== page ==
Top policeman sues GMP in ‘racism’ case
ASENIOR police officer is suing his own force for racial discrimination after he was investigated over a spat with a constable.
Inspector Scott Winters, who has 25 years’ experience, has taken Greater Manchester Police to a tribunal, alleging he was accused of assault for ‘merely challenging a constable about his behaviour’.
He claims he was subjected to a ‘disproportionate and discriminatory’ internal investigation which left him contemplating suicide and suffering migraines.
Insp Winters, who joined GMP in 1989, spoke to the officer at Chadderton police station after he overheard him calling another inspector by his first name.
He claims the officer also displayed a ‘ sloppy and unprofessional image’ because he was stood in public view with his hands in his pockets.
Insp Winters, from Salford, alleges the Pc then told him: ‘If you didn’t have them on, I’d do you’, referring to his inspector’s epaulettes.
He said in a statement: “I took his words to mean that if I wasn’t an inspector, he would hit me.”
Insp Winters replied ‘I’ll take these off now’, before the situation calmed when a sergeant walked in, the tribunal in Manchester heard.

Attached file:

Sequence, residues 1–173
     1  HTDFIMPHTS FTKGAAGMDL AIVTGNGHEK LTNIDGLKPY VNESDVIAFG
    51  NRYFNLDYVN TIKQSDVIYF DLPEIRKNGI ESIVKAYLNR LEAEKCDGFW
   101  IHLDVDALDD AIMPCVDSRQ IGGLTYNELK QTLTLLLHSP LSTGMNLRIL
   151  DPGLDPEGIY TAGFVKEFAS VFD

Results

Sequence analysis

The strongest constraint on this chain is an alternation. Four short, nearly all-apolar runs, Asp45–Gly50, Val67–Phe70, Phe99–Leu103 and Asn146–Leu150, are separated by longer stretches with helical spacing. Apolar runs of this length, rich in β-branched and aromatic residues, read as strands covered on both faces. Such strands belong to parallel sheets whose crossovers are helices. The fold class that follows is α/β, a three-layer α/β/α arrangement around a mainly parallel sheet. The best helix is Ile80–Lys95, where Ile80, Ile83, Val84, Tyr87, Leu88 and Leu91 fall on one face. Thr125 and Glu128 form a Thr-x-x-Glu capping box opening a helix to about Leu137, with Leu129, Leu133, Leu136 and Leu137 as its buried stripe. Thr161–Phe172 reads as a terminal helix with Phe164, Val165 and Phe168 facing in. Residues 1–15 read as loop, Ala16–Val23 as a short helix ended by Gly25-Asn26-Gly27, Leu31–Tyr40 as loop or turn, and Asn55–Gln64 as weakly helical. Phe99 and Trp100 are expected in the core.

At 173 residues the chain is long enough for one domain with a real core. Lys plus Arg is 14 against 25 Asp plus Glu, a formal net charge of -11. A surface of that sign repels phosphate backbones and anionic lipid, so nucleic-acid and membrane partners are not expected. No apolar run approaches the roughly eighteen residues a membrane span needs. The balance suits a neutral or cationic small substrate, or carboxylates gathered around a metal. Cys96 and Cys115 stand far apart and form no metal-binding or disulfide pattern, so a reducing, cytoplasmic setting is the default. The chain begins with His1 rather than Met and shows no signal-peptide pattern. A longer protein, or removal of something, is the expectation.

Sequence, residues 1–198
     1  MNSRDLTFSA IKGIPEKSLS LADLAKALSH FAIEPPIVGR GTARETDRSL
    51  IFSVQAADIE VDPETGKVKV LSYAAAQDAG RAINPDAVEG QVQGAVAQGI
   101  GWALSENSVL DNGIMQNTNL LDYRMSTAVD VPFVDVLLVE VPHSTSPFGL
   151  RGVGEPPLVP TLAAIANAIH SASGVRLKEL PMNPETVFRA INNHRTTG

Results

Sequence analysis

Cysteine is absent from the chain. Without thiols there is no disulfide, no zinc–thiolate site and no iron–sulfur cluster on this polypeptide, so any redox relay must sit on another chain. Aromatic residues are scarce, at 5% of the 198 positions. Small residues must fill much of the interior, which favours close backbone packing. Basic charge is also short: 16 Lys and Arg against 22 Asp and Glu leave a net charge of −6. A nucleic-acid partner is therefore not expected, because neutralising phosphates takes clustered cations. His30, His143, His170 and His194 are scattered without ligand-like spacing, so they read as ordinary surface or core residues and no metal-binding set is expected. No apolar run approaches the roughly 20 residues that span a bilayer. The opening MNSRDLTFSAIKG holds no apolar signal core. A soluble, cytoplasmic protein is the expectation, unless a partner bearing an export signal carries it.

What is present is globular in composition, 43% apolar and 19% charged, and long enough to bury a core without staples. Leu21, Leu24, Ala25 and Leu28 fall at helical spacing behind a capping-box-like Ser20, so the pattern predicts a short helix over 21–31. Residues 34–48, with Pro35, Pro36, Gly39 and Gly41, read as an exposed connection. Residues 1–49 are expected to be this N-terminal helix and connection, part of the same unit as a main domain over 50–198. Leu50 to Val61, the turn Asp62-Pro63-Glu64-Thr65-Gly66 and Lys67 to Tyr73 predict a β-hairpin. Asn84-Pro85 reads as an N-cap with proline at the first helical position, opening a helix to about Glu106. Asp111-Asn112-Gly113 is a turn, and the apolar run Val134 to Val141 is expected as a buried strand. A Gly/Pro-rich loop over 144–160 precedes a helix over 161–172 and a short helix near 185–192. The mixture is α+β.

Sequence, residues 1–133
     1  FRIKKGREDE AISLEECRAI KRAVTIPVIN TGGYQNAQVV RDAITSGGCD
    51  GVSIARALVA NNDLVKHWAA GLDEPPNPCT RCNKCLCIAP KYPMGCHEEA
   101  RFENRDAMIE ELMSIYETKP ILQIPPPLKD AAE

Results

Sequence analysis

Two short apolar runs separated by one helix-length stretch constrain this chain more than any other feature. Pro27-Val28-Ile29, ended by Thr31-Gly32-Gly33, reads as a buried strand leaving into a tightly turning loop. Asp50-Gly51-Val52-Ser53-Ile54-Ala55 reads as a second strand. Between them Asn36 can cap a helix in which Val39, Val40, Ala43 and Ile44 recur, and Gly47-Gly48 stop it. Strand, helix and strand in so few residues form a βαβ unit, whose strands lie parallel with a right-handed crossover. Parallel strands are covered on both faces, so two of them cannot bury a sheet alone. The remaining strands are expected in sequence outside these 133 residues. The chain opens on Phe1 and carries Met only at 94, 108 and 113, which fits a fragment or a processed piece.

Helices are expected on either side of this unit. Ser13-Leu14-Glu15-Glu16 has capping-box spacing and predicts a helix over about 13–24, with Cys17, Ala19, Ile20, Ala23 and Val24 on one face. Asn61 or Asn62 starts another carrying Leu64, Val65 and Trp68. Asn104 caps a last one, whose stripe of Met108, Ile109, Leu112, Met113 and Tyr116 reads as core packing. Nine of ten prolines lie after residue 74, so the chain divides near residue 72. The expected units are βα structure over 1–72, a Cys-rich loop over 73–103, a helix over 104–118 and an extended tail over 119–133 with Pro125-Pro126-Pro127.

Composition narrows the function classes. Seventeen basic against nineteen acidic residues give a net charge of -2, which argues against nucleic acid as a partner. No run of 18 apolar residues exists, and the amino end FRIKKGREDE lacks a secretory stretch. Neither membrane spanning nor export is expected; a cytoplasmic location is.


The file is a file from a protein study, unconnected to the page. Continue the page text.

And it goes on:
The officer then called Insp Winters a ‘bully’ after he spoke to him again because he had his hands in his pockets, he alleges.
Insp Winters said he felt ‘numb’ to be later given notice of an investigation for ‘ criminal assault’ for ‘intimidating and threatening conduct’.
The GMP Professional Standards Branch probe was then upgraded to gross misconduct. He was put on restricted duties and transferred from Oldham to GMP HQ.
In the statement, Insp Winters said he felt ‘something sinister’ was happening and added: “I know 100 per cent that no criminal act had occurred on my part. I had merely challenged a constable about his behaviour.”
The criminal allegations were dropped and the probe was lowered to misconduct but Insp Winters said he was then placed in a ‘superficial job situation designed to embarrass’.
Insp Winters called the probe ‘cloak and dagger’ and a ‘fishing expedition’ and said there were ‘procedural breaches and failings’ .
The probe was con- cluded in January 2014 by means of ‘management action’, although it will remain on his record.
Insp Winters, who hasnow been redeployedto a different role, cited misconduct cases of other white officers in his witness statement and said: “I am of the firm belief that the discriminatory treatment I was subjected to is related to my ethnicity. GMP’s actions were less favourable treatment because of my ethnicity, and I suffered injury to feelings through being disproportionately severely treated. There is, in my opinion, clear evidence that I was treated less favourably than my white colleagues and I believe race is the sole reason.” Proceeding